A Call for VERBS! Breaking down the Common Core Standards
Next time you write an email or construct a sentence for some writing purpose, look at your sentence. A sentence can offer a moment of peace, explode with energy, or lifelessly fade by the wayside. What is the difference? THE VERB.
VERBS are the ENGINE of your sentence.
Verbs basically fall into two classes: “passive” and “active.” Passive verbs are just that. Shy, unassuming, they allow the subject of the sentence to take charge. (Example: The ball is being thrown by me. (verb= is)) vs.: I threw the ball. (The verb (threw) takes control and moves the sentence producing a powerful statement). Do you know you can virtually eliminate adverbs by using powerful active verbs? (See? I just used an adverb to illustrate. I could have said, “ You could minimize the use of adverbs….”)
It is a skill writers perfect to maximize power and lessen word count; it’s a skill to teach my students. When I say, “OK, let’s rock this paper with POWER verbs,” they may know the meaning of a verb, but not truly understand the function of it in a sentence.
Challenge # 1.
Year after year, I promote students to have more “VOICE” in their writing; or perhaps it is dynamic “WORD CHOICE”; Sometimes, I zone in on their “FLUENCY” and beg for a variation of sentence structures and lengths. I can beat my head against the wall all year, but without proper knowledge of sentence construction and the function of words, nothing will ever improve their writing. As I have taught now for about a decade, and focusing on writing as a form of learning and expression, I’m faced with seeing the students’ difficulties with organization, coherence, and revision. News flash: It is not getting any better! WHY?? What has changed in the past 25 years?
Challenge # 2.
As an Arizona English Language Arts teacher, I was always struck by the lack of attention to grammar in the English Language and Literacy standards. As a public school teacher for eight of these ten years, grammar was only focused on as a form of conventions deeply hidden within the Writing Standards. It wasn’t even in any of the Strands of Reading. The Reading Strands dealt with Informational Text, Literary Text, and Functional Text. For the Writing Strands, they dealt with the Stages, Traits and Genres. Within the Traits, as mentioned above, is the Trait of Conventions. This is where one would find some proofreading standards. But that was the extent of the stress on grammar knowledge. Moreover, grammar was not a tested skill. (Teachers threw it out based on time constraints as well) Sadly, if students cannot think through a sentence and how it is structured, their writing will never improve. Grammar is the function of language and works together with reading and writing. We see grammar in action whenever we read; we apply and practice it in our writing.
With years of being able to rattle off standards, strands and sub-strands from the Arizona State Standards, I have been delving into, digesting, and soaking in the Common Core Standards. Forty-five states (including Arizona) and three territories have adopted the Common Core Standards and are now using them in the classroom. The Common Core for ELA includes Reading of Literary and Informational Texts, Writing, Speaking and Listening, Media and Technology, and (thankfully) Language. This is not to say school districts are using them to the fullest potential, crossing curricular practices, but it is beginning to take effect.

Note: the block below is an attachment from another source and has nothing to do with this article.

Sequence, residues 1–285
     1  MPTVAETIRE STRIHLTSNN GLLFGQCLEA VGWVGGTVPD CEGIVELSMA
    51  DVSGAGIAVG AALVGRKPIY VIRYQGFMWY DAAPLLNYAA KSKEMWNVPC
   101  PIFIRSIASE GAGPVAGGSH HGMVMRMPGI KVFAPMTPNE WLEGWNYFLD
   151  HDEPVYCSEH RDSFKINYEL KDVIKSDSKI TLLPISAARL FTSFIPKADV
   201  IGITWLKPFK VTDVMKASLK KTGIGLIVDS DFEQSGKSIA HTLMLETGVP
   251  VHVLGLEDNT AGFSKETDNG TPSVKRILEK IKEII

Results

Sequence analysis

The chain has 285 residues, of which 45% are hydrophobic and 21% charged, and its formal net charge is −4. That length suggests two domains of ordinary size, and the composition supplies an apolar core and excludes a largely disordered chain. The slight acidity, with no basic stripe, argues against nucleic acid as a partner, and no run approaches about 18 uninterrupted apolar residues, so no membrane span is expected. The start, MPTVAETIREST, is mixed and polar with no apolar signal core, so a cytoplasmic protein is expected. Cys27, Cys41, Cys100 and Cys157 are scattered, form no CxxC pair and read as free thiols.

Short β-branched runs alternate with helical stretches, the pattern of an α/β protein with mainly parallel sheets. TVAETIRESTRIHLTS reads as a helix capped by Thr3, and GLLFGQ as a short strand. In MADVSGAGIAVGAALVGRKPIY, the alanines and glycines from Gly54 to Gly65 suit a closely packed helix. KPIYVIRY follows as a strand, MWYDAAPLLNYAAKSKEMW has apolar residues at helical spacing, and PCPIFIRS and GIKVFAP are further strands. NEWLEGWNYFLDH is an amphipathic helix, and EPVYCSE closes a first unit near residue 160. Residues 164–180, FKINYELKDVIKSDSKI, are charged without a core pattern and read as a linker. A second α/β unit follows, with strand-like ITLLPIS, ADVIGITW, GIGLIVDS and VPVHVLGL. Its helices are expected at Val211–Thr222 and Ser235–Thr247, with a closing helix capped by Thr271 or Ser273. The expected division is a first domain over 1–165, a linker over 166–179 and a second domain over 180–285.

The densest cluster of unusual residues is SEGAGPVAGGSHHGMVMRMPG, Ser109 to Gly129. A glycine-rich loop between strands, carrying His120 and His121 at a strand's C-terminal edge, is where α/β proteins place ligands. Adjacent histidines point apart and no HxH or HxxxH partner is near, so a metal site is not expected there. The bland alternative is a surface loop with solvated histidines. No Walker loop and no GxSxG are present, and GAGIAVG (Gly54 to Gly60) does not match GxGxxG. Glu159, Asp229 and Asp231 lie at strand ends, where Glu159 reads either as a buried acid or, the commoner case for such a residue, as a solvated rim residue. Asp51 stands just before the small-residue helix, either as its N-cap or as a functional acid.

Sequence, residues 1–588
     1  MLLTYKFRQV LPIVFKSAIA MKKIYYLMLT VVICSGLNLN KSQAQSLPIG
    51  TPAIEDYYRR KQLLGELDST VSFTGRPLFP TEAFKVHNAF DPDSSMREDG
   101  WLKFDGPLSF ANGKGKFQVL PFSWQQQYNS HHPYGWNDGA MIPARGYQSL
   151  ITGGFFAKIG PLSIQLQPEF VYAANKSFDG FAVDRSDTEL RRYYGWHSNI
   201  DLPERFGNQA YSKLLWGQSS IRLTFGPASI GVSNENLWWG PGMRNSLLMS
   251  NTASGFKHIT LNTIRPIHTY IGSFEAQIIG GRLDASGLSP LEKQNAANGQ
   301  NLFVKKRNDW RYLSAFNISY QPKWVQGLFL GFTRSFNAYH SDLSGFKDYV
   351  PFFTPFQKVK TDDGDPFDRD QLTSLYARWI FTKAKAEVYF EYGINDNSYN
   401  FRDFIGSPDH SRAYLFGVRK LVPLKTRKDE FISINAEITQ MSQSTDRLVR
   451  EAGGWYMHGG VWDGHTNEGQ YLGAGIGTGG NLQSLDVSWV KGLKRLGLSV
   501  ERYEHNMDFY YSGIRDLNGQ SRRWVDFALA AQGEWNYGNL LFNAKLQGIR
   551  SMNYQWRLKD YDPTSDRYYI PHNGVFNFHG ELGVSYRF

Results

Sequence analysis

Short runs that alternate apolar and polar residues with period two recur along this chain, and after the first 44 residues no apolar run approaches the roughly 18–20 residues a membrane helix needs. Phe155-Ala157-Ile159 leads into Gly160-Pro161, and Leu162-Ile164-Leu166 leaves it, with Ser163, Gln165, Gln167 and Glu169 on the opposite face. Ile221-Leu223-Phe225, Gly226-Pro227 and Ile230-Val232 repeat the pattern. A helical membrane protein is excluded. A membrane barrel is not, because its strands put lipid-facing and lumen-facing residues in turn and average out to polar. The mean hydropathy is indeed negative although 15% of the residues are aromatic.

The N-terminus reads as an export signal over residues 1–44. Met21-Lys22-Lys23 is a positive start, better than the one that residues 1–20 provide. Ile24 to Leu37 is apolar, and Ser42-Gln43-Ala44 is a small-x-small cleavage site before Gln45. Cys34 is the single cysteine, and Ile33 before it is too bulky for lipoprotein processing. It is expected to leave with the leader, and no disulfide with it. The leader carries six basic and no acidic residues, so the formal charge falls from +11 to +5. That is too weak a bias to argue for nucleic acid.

While Reading is the process of gaining and integrating new knowledge, WRITING is the process of producing new thoughts from their knowledge and experience. Moreover, writing is clarity of thought. Writing is given a portion of the spotlight in the Common Core standards, but this time, I see a new LIGHT: Attention to VERBS!
Conventions of Standard English
1. Demonstrate command of the conventions of standard English grammar and usage when writing or speaking.
a. Explain the function of verbals (gerunds, participles, infinitives) in general and their function in particular sentences.
b. Form and use verbs in the active and passive voice.
c. Form and use verbs in the indicative, imperative, interrogative, conditional, and subjunctive mood.
d. Recognize and correct inappropriate shifts in verb voice and mood.
(Source: Common Core Standards; English Language Arts and Literacy)
Let me give some background on why this is not only vital but so refreshing:
It was discovered that the teaching of grammar alone is like teaching what a dollar bill is but not giving the function or use of it in daily life. It’s meaningless. Lynn Sams discussed this in her article on Grammar and noted that structure and meaning need to be discussed together. It is no wonder why direct instruction in grammar had no impact upon writing. “Quite simply, the grammar instruction in these studies was not related to writing. It merely taught prescription (usage and rules) and description (noun, verb, prepositional phrase), the naming of parts.” (57) So, instead of working to incorporate grammar into instruction, teaching of the basics of grammar was thrown out.
This can be likened to football. I know very little about the game. I can sit and enjoy it, know when a player scores, but in terms of understanding the plays and how they work, I’m clueless. Now, if I were to play the game, I would be lost, making many mistakes, but seeing my way through with a lens of little knowledge. This is basically why our students’ writing has not improved in twenty-five years. They can know bits and pieces, but can they write a sentence, understanding the fundamentals and the functions of the players (parts of speech)? After time, their plays are elementary and never advance; until
they understand the function and the rules, their writing stagnates.
When I want to strengthen the WRITING of my students, I can’t give them a protocol of including stronger verbs if they know not the function nor various usages of this glorious grammar bite.
To illustrate the power of verbs, here is a list of the verbs used in the Common Core Standards:
Identify Illustrate Imagine Implement Infer Inform Inquire Inspect Integrate Interact Interpret Invent Investigate Judge Justify Locate Map Manipulate Model Modify Monitor Observe Organize Outline Paraphrase Participate Perform Perceive Plan Portray Practice Predict Prepare Present Pretend